In this post, we study a few probability one results conerning the rank of random matrices: with probability one,

  1. a random asymmetric matrix has full rank;
  2. a random symmetric matrix has full rank;
  3. {\frac{n(n+1)}{2}} many random rank one positive semidefinite matrices (belonging to {\mathbb{R}^{n\times n}}) are linearly independent.

At least for the first two, they look quite natural and should be correct at first glance. However, to rigorously prove them does require some effort. The post is trying to show that one can use the concept of independence to prove the above assertions. Indeed, all the proof follows an inductive argument where independence makes life much easier:

  1. Draw the first sample, it satisfies the property we want to show,
  2. Suppose first {k} samples satisfy the property we want to show, draw the next sample. Since it is independent of the previous {k} samples, the first {k} samples can be considered as fixed. Then we make some effort to say the first {k+1} sample does satisfy the property.

Before we going into each example, we further note for any probability measure that is absolutely continuous respect to the measure introduced below and vice versa (so independence is not needed), the probability {1} results listed above still hold.

1. Random Matrices are full rank

Suppose {A\in \mathbb{R}^{n\times m}} with {A=[a_{ij}]} and each entry of {A } is drawn independently from standard Gaussian {N(0,1)}. We prove that {A} has rank {\min\{m,n\}} with probability {1}.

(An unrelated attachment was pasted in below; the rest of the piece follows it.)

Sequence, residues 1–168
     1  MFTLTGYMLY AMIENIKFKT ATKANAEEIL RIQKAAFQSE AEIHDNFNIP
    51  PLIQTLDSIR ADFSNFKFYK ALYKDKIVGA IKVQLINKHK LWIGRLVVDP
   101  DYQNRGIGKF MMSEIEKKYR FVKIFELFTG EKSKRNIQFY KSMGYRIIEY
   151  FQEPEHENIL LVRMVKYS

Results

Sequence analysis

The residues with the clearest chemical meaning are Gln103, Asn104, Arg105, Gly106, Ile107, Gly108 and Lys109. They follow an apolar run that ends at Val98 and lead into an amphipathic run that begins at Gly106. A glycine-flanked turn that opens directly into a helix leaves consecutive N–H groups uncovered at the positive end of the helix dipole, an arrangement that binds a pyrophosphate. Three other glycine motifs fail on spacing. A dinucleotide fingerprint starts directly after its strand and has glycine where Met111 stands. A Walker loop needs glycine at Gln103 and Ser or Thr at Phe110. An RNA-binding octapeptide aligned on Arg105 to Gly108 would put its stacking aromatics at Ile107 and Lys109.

To start, we should assume without loss of generality that {m\leq n}. Otherwise, we just repeat the following argument for {A^\top}.

The trick is to use the independence structure and consider columns of {A} are drawn from left to right. Let’s write the {i}-th column of {A} by {a_{\cdot i}}

For the first column, we know {a_{\cdot 1}} is linearly independent because it is {0} with probability {0}. For the second column, because it is drawn independently from the first column, we can consider the first column is fixed, and the probability of {a_{\cdot 2}} fall in to the span of a fixed column is {0} because {a_{\cdot 2}} has a continuous density in {\mathbb{R}^n}. Thus the first two columns are linearly independent.

For general {k\leq n}, because {m\leq n}, we know the first {k-1} columns forms a subspace in {\mathbb{R}^n} and so {a_{\cdot k}} falls into that subspace with probability {0} (linear subspace has Lebesgue measure {0} in {\mathbb{R}^n} and Gaussian measure is absolutely continuous with respect to Lebesgue measure and vice versa). Thus we see first {k} columns are linearly independent. Proceeding the argument until {k=m} completes the proof.

2. Symmetric Matrices are full rank

Suppose {A\in \mathbb{S}^n\subset \mathbb{R}^{n\times n}} with {A=[a_{ij}]} and each entry of the upper half of {A }, {a_{ij},j\geq i}, is drawn independently from standard Gaussian {N(0,1)}. We prove that {A} has rank {n}.

Let’s write the {i}-th row of {A} by {a_{i\cdot}\in \mathbb{R}^{1\times n}}. For the first {k} entries of the {i}-th row, we write {a_{i,1:k}\in \mathbb{R}^{1\times k}}. Similarly, {a_{1:k,i}} denotes the first {k} entries of the {i}-th column. For the top left {k\times k} submatrix of {A}, we denote it by {a_{1:k,1:k}\in \mathbb{R}^{k\times k}}. Similar notation applies to other submatrices.

The idea is drawing each column of {A} from left to right sequentially and using the independence structure. Starting from the first column, with probability one, we have that {a_{\cdot 1}} is linearly independent (meaning {a_{\cdot 1}\not =0}).

Now since {a_{\cdot 1}} is drawn and the second column except the first entry is independent of {a_{\cdot 1}}, we know it is in the span of {a_{\cdot 1}} if the second column {a_{\cdot 2}} is {\frac{a_{12}}{a_{11}}} ({a_{11}} is {0} with probability 0) multiple of {a_{\cdot 1}}. This still happens with probability {0} since each entry of {a_{\cdot2}} has continuous probability density and is drawn independently from {a_{\cdot 1}}.